Chimeras are born of primordial evil, not the result of accidental creation but rather the mad design of a chthonic mother of monsters who knit together the first chimera within her own womb. She sought to create a hunter, but one that would survive on green grass and dry thorn bush when prey was scarce. It would both fly and run. It would spot enemies from afar and slink stealthily through the grass. It would be smart enough to outwit any animal, and fierce enough to outfight any humanoid, with voice enough to taunt and berate those foolish enough to hunt it. She melded the hungry lion, the fecund goat, and the raging dragon into a single beast, a deranged composite that included everything it would need to survive wherever it went. She even created them to be hermaphroditic, alternately male or female as the situation demanded, birthing eggs of hard stony shells; any egg-hunter would think these eggs were merely unappetizing rocks, but heated beneath their parent’s burning belly, the eggs would incubate until they cracked open, revealing winged, many-headed cubs slathered in dark amniotic fluid.
While chimeras habitually hunt from the air, they are not strong or agile flyers, and thus typically avoid high and windy mountains where the air is cold and thin, as well as heavily forested areas filled with obstacles to hinder their movement. However, chimeras thrive in jagged and craggy badlands rife with plunging canyons, soaring natural arches and spires, and broken terrain carpeted with scrub-lands in which they can take cover and lie in ambush. Bursting from its hiding place, a chimera feels no shame in fighting dirty, whipping sand and grit into a blinding storm while blasting prey with its magical breath. Should any survive its initial onslaught, a chimera tries to isolate one victim to carry off for later feasting, taking maximum advantage of the terrain by flying across ravines and over cliffs so enemies cannot follow. Chimeras are also clever enough to create crude traps for their victims, preparing landslides or deadfalls to unleash onto travelers below their aeries, afterward swooping down to pick off survivors as they dig themselves out. Though savage and cruel, chimeras are generally more interested in a good meal than a hard fight, and would rather disable a single opponent and fly off with the spoils than divide their efforts between multiple targets.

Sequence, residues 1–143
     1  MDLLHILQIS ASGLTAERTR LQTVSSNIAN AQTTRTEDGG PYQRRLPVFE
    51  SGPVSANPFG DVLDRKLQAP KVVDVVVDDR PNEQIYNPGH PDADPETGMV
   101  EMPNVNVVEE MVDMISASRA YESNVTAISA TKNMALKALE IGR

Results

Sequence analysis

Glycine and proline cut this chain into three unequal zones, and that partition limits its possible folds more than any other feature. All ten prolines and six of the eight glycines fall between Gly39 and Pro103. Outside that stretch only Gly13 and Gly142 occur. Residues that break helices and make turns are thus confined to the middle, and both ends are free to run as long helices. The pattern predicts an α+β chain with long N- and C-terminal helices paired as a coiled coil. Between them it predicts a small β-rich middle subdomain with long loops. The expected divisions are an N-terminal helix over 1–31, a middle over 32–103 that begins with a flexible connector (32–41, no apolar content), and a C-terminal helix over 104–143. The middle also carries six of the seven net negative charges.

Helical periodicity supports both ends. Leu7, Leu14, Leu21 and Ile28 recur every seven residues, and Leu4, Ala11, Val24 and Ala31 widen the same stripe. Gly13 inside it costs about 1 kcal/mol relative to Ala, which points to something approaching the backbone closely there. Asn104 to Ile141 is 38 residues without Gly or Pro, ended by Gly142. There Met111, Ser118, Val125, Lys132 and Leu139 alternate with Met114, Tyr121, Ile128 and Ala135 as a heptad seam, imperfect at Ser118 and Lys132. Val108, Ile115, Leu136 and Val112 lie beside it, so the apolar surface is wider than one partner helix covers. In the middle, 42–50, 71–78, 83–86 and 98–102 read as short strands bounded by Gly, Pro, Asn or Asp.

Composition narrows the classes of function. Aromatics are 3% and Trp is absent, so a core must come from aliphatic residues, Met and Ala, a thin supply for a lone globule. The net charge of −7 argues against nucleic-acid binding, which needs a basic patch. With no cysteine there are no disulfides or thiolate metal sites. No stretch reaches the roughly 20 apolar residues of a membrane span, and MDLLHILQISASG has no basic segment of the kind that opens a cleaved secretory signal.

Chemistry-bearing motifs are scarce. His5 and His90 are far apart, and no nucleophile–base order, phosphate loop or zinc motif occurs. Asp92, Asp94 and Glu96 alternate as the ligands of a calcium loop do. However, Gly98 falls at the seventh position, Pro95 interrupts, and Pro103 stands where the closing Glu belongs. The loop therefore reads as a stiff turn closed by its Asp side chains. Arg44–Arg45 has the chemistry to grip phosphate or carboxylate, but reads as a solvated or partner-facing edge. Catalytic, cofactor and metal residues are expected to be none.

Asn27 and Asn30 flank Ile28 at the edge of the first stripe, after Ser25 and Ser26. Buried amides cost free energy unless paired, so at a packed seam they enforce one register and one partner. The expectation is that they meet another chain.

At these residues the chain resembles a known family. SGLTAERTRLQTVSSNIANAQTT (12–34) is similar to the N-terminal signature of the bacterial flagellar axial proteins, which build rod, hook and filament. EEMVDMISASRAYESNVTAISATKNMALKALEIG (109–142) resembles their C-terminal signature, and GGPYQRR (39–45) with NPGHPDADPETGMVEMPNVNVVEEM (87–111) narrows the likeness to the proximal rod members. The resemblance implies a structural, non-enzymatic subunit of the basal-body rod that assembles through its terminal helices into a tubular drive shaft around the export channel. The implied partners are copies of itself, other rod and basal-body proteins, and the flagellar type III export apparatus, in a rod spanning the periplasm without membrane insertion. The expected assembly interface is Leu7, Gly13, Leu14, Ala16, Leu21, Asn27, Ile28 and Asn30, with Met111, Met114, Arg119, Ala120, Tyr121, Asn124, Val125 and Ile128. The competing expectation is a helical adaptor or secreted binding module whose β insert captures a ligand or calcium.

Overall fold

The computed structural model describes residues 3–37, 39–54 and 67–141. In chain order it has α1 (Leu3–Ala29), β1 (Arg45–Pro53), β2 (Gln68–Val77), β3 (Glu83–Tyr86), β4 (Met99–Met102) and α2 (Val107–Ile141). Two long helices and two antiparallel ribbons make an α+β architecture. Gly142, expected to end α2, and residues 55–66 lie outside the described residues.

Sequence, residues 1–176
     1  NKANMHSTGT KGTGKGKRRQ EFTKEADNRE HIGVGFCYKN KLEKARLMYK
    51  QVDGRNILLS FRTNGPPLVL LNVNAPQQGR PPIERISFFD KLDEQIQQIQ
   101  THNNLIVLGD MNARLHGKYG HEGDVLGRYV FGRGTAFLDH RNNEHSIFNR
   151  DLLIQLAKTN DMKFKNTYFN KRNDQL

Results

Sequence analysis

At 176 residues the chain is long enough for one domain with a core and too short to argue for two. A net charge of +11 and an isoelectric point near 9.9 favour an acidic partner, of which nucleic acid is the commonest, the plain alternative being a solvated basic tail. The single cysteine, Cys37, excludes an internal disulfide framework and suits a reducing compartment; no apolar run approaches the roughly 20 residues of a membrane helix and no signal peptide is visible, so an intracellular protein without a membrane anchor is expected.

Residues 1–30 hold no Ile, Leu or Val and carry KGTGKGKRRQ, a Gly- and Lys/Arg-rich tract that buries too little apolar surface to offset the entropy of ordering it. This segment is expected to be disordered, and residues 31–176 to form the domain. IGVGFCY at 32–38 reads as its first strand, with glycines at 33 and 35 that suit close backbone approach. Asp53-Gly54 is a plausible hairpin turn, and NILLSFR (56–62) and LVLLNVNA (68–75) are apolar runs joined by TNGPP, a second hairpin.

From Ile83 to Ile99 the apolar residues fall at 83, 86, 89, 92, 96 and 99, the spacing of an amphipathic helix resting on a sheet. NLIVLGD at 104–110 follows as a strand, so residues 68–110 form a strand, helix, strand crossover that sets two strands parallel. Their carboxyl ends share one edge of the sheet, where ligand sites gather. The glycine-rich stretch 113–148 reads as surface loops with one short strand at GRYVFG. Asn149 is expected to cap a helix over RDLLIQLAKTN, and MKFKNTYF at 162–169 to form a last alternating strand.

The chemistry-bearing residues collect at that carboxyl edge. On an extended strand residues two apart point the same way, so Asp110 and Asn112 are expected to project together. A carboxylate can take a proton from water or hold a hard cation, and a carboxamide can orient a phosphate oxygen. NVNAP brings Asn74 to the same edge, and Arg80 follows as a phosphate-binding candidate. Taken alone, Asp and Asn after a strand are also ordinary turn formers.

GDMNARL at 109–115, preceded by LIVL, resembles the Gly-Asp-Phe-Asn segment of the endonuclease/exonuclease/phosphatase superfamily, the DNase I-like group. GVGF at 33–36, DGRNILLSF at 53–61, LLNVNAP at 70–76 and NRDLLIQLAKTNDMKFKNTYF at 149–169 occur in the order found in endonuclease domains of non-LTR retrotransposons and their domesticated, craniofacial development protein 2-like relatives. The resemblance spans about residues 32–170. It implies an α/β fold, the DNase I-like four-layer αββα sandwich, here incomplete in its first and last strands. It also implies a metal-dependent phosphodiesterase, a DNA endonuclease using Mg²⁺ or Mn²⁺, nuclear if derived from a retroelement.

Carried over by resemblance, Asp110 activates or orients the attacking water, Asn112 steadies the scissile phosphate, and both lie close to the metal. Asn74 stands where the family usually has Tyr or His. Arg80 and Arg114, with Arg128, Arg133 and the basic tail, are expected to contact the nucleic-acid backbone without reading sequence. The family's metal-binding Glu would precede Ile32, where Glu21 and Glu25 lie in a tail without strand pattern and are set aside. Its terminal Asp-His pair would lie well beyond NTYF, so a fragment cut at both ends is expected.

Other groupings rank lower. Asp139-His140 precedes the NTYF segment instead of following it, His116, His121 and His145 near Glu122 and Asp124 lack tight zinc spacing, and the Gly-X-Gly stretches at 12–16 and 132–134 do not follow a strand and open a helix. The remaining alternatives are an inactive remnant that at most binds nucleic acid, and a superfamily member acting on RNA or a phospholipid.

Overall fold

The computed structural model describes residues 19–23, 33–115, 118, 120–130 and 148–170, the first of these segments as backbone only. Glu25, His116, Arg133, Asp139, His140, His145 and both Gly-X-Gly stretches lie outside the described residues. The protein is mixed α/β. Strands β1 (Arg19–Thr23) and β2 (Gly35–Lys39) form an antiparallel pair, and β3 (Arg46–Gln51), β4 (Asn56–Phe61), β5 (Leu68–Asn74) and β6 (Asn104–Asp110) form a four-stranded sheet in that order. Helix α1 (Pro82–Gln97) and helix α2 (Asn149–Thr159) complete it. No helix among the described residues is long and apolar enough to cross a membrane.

While it has three heads, a chimera has only a single consciousness that links them. Chimeras are no more resistant to mind-affecting effects than other creatures, and their heads speak with a single mind and voice, never arguing with each other. While the damage dealt by a chimera’s breath weapon depends upon the color of its dragon head, it can disgorge this deadly emission from any of its three mouths. Chimeras can live up to 200 years, but most are slain by their own kind or by more powerful creatures before well then.